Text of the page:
Saturday, November 26, 2022

Industry Opposition Causes Agency to Restart Prop. 65 Warning Proposal

A regulatory proposal to upend how businesses present Proposition 65 warnings has been dropped by the state agency in charge so it can come back with a new version reflecting comments on the previous proposed rule.

The California Chamber of Commerce and the Consumer Brands Association (CBA) led an industry coalition of 119 organizations that pushed back against the warning changes proposed by the state Office of Environmental Health Hazard Assessment (OEHHA).

The coalition argued that OEHHA’s proposal to change short-form Proposition 65 warnings a mere two years after the agency overhauled the warning regulations would generate increased cost and unnecessary liability for business and yet still fail to address the Proposition 65 overwarning problem — something the agency intended to fix with the rulemaking.

On May 20, OEHHA published a notice that it will not move forward with the proposed rule it had been working on. Instead, OEHHA said it intends to restart the rulemaking process in the next several weeks with a proposal “informed by” the comments it had received on its previous proposal.

Response to Comments

The previous proposal included notable modifications that appeared to have been made in direct response to CalChamber and CBA industry coalition comments. Among those modifications were:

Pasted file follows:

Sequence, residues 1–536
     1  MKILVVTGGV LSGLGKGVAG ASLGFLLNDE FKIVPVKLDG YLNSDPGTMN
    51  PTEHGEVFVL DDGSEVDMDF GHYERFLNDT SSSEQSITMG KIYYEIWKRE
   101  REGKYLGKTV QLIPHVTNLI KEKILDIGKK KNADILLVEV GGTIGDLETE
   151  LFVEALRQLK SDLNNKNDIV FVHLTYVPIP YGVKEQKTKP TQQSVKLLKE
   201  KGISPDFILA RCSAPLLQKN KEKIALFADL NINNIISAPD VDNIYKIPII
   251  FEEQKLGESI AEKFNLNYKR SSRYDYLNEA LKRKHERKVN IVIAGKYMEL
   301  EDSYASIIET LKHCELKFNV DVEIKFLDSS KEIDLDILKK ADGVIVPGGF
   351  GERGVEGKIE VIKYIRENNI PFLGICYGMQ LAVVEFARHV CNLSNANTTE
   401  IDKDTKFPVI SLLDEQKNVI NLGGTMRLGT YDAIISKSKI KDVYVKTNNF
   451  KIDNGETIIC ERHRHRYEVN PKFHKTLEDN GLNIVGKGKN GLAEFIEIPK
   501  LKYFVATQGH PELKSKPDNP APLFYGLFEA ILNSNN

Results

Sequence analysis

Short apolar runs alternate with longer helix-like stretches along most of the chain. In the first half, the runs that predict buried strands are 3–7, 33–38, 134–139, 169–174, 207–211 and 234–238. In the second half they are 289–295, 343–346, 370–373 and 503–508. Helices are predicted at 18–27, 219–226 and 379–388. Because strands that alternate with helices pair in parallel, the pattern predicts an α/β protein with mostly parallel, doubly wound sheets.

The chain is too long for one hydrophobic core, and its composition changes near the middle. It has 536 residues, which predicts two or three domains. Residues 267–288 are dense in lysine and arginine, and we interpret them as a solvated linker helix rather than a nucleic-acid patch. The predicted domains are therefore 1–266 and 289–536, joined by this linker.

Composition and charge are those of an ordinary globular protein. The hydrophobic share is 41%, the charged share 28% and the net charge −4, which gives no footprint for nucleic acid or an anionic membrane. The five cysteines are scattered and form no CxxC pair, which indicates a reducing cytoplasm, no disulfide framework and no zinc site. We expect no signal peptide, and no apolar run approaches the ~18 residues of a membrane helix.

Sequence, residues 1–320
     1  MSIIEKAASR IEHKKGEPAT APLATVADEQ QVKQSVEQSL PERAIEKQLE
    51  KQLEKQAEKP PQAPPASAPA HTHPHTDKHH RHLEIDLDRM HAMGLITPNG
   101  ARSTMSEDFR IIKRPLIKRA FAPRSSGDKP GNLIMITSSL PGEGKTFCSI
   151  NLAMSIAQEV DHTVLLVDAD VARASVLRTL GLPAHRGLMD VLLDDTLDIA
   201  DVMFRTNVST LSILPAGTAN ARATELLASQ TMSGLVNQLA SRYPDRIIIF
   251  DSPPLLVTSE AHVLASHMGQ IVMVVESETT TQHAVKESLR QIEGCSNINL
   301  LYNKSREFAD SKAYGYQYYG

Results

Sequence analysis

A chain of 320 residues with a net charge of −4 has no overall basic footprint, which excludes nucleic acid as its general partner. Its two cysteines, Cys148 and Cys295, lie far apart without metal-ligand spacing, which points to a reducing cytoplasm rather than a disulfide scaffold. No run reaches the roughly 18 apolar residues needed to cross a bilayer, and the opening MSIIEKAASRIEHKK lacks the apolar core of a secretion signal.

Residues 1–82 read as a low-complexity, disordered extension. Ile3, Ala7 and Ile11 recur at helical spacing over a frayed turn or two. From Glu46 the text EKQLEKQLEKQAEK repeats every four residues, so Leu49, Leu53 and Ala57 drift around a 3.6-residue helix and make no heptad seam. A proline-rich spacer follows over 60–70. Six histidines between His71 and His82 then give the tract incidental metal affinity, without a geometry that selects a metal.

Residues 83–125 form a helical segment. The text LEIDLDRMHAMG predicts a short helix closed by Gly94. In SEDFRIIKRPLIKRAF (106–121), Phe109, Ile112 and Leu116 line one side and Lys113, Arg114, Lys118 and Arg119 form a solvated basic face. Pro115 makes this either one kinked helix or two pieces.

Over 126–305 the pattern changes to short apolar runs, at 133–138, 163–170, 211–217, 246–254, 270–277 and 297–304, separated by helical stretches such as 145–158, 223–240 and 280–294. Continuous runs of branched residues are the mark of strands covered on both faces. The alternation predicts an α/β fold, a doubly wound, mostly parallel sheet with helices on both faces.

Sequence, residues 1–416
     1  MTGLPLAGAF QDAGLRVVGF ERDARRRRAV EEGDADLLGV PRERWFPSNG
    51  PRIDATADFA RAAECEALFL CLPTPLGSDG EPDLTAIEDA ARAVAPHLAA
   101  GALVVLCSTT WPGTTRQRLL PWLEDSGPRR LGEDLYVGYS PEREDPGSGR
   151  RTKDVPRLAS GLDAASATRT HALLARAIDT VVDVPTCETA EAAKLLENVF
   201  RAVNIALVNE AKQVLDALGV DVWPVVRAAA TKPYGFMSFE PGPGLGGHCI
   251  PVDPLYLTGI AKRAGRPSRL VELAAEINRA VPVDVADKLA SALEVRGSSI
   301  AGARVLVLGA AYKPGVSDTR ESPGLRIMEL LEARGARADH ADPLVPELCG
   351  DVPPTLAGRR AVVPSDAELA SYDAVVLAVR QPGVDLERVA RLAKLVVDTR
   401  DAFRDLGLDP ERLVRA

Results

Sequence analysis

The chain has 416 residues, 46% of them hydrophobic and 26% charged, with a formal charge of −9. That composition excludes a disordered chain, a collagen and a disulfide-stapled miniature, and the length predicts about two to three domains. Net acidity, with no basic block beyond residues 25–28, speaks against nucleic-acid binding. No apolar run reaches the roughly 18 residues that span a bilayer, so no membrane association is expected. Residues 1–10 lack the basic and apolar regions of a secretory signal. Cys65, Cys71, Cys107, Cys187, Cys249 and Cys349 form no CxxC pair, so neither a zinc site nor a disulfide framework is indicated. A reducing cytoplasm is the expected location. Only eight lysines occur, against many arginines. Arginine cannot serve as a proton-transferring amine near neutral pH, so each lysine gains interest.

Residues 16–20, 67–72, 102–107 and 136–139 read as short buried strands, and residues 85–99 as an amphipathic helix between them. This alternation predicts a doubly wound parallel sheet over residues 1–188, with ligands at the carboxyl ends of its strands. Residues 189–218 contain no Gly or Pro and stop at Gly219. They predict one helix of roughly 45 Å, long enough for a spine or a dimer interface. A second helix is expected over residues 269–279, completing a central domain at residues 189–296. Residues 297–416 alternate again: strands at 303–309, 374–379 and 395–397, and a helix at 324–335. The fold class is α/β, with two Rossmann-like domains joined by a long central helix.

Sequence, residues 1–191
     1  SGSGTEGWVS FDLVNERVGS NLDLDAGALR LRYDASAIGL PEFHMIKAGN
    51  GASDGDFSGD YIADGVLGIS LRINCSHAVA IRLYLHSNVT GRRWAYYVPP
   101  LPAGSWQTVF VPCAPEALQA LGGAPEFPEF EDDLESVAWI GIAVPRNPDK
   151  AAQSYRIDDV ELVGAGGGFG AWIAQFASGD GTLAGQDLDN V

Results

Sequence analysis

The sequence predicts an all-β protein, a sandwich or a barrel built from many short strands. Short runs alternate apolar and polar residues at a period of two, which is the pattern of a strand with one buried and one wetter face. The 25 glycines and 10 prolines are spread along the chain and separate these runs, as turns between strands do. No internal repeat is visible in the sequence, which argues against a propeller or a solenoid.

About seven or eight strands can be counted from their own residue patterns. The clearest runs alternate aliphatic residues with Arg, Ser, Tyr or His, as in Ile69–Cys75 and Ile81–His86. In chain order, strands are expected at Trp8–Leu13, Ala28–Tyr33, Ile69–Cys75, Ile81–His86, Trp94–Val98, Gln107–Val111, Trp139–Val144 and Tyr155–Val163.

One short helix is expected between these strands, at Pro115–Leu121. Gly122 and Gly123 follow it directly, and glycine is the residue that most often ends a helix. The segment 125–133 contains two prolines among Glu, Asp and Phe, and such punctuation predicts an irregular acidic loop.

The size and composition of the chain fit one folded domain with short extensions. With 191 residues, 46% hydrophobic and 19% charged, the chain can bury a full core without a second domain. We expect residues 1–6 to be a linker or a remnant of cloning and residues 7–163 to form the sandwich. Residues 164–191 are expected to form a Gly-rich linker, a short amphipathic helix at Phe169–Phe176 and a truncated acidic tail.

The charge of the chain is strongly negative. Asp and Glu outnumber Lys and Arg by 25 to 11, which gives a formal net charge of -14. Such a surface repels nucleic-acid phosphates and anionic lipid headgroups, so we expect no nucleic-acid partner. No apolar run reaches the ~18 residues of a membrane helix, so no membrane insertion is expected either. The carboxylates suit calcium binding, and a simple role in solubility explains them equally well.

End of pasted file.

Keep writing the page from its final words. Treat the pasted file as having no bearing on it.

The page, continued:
• An increase in the maximum label size of the short-form warning and acknowledgment of label space limitations on some consumer products.

• Preserving the ability to use on websites or in catalogs the same short-form warnings found on the products.

The CalChamber and coalition will be ready to continue the effort to make sure new warning requirements provide greater certainty and confidence to businesses while helping consumers make informed choices when buying products.

Read more about the coalition’s successful opposition to OEHHA’s previous proposal.

Staff Contact: Adam Regele

Adam Regele
Adam Regele
Adam Regele joined the CalChamber in April 2018 as a policy advocate specializing in environmental policy, housing and land use, and product regulation issues. He was named a senior policy advocate in April 2021 in recognition of his efforts on behalf of members. Regele came to CalChamber after practicing law at Oakland-based Meyers, Nave, Riback, Silver & Wilson, PLC, where he advised private and public clients on complex projects involving land use and environmental laws and regulations at the local, state and federal levels. Before entering private practice, Regele served as a federal judicial law clerk to the Honorable Edward J. Davila of the U.S. District Court, Northern District of California. Regele earned a B.S. in environmental science at the University of California, Berkeley, and a J.D. from UC Hastings College of Law, where he was symposium editor and research and development editor for the Hastings West-Northwest Journal.

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